Was that before or after those C compilers that automatically linked one of two versions of printf according to whether the program uses floating point numbers?

Re: Re: My first computer was...
by David Caughell (Monk) on Jul 13, 2003 at 19:40 UTC
    My first computer was a 286 compatable hewlett packard. I was either 10 or 12 when I got it, and I used that thing until the first pentiums came out!

    When we finally replaced it, it wouldn't boot every time you attempted to do so, so you had to turn it off and on about 20 times before it would finally work. There were little tricks, like pressing the button slowly, etc. that had to be used also.. it's pretty funny, looking back on it.

    Anyone else have stories like that?

    I started programming a little QBASIC on it, but I never managed to get very far. I did have a lot of fun on it, though, and I learned to use MSDOS (it was exciting when I upgraded DOS versions and there was a move command -- no more copying then deleting for me!) and a basic gui that was currently in use at Ontario Hydro.

    In high school, I learned Turbo Pascal 5, and I've enjoyed computer programming since then.

    My father's friend trained new employees at his company on computer use, and he was a lot of help to me.

    --Dave.

    "For fate which has ordained that there shall be no friendship among the evil has also ordained that there shall ever be friendship among the good." - Plato / Socrates
Re: Re: My first computer was...
by jdtoronto (Prior) on Jul 17, 2003 at 02:37 UTC
    Well, in about 1974 (I think it was) I was commisioned to design a system using the then VERY new Intel 8080, not even an 8080A! I had a Teletype model 33 which was not being used for anything else so I wire wrapped a board with the 8080, the support logic, 4 1702A EPROMs and some 1103 (I think) dynamic RAM chips, all of 512bytes of RAM as I recall.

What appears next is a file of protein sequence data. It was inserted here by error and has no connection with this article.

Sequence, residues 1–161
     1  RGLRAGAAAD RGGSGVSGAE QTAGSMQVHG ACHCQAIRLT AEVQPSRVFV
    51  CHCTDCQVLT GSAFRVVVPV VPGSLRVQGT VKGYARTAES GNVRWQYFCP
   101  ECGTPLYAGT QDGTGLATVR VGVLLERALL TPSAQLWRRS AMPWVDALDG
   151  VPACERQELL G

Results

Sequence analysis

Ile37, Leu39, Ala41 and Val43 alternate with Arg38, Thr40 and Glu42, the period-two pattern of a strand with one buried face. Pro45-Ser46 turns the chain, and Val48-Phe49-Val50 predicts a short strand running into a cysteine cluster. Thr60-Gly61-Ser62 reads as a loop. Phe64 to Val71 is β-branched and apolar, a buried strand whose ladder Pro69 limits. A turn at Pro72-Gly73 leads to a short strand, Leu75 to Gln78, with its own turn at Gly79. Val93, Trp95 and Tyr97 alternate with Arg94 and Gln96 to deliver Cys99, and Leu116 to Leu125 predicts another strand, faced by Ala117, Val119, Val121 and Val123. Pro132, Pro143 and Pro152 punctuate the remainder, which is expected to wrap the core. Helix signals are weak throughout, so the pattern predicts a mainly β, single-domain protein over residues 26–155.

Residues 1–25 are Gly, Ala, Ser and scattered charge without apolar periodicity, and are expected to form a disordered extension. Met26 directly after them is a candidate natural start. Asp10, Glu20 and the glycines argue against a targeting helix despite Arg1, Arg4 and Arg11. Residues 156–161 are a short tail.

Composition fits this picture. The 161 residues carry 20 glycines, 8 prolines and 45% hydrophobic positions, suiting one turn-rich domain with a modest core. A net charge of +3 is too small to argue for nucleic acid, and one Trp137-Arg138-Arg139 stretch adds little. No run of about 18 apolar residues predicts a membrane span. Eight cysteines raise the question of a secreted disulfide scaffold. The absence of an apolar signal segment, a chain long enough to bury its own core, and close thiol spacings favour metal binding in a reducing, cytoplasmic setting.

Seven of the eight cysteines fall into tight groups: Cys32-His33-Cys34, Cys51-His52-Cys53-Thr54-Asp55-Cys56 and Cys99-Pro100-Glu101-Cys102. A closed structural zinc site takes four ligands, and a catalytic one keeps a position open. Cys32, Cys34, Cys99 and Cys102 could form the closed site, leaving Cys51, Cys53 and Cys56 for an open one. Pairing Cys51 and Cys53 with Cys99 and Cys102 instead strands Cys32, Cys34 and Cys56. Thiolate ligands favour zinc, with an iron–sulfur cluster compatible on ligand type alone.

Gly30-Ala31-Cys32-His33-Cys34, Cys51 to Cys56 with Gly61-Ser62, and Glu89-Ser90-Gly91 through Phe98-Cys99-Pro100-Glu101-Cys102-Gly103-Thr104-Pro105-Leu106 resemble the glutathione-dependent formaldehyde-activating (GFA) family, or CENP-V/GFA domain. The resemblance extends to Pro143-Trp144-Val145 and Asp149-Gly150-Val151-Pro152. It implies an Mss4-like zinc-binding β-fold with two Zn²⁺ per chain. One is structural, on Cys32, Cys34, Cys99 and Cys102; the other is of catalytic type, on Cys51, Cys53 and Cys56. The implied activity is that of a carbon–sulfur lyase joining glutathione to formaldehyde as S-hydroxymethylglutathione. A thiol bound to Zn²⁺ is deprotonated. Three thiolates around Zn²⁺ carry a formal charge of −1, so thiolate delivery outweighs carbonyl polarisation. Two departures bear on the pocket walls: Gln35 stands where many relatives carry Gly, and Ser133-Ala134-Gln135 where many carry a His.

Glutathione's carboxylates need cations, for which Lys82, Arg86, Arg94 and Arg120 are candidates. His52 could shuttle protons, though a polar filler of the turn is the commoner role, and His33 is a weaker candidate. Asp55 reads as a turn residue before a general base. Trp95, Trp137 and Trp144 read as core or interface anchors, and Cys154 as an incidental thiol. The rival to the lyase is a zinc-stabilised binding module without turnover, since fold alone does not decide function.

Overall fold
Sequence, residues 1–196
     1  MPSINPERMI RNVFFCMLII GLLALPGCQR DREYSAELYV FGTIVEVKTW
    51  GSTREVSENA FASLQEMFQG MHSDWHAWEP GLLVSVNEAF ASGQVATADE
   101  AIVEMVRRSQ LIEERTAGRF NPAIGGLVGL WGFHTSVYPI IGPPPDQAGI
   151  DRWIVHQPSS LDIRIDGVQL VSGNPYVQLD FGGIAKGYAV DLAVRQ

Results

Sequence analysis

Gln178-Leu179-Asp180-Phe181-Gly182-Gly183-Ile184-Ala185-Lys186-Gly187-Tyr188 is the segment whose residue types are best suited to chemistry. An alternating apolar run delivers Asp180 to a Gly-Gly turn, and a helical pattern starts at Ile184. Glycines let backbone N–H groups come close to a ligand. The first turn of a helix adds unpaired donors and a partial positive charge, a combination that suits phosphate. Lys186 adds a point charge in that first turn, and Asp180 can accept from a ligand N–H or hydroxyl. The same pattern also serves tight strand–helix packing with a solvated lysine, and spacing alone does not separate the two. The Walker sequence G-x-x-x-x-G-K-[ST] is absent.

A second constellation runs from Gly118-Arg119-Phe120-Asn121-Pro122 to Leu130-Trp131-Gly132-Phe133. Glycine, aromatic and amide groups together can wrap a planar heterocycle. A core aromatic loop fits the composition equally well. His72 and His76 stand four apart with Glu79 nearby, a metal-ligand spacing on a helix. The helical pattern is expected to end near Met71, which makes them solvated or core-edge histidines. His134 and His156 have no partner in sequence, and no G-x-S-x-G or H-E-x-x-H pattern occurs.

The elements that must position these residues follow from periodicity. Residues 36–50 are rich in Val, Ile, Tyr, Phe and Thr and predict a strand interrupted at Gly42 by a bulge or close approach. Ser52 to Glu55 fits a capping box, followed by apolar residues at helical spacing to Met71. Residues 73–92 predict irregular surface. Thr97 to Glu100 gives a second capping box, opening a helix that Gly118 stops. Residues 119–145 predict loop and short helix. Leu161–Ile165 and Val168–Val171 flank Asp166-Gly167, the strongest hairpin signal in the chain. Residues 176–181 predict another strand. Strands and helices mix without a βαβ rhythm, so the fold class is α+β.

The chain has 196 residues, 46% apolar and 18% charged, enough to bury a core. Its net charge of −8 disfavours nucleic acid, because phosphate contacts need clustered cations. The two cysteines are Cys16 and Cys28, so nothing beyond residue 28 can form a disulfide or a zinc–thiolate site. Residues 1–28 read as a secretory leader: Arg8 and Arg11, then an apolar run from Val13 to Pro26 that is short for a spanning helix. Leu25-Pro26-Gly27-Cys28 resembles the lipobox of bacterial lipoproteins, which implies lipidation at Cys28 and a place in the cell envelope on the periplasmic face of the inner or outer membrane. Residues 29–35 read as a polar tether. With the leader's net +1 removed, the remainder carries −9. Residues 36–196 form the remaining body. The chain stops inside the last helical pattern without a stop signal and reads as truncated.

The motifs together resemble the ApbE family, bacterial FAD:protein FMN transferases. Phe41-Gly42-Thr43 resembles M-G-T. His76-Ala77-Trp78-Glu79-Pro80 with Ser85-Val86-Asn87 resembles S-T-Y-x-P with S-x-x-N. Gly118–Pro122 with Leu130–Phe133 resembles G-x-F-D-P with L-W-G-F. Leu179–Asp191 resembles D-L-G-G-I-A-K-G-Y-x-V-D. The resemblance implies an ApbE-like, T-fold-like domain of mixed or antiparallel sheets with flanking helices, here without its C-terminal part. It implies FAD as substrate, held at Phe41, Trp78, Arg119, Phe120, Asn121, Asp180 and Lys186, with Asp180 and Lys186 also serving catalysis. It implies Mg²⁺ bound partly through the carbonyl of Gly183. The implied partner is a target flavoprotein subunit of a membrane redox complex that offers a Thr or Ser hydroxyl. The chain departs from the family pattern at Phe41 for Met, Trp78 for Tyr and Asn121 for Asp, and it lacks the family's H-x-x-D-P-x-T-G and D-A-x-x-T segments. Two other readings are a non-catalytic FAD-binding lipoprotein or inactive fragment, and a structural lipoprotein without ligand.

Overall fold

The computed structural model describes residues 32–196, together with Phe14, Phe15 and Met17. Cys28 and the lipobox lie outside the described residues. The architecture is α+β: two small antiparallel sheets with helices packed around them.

The 1702's were programmed in a programmer of our own design which was run by an Interdata Model 70 which we purchased in 1972 as I recall.

    Interstingly we need floating point capability for a project only a couple of years later. For this we made our own hardware floating point box using a MOSTEK calculator chipset (I think it was from an HP calculator as it worked in Reverse Polish Notation) which we interfaced to the later 8080A based design which by then had the 8224 and 8228 support IC's (clock generator and bus support logic as I recall) available.

    All of this time the mass storage on our 8080 machines was paper tape and EPROMs supported by the Interdata 70 and a Data General Nova which also had an EPROM programmer and an 9 track tape drive.

    Now I wonder how we did it all! From there it was CP/M in about 1976 and eventually we built some systems using MP/M and MP/M-II. We retired the MP/M systems in 1998, but at last check there are still two of our very original 808 systems still in service, and at least one of the 8080A/Calculator systems. Boy this poll made me nostalgic!

    For those interested, I will be 50 this year so I suppose I have been working throughout the entire micro/personal computer revolution! Especially as a hardware designer.

    John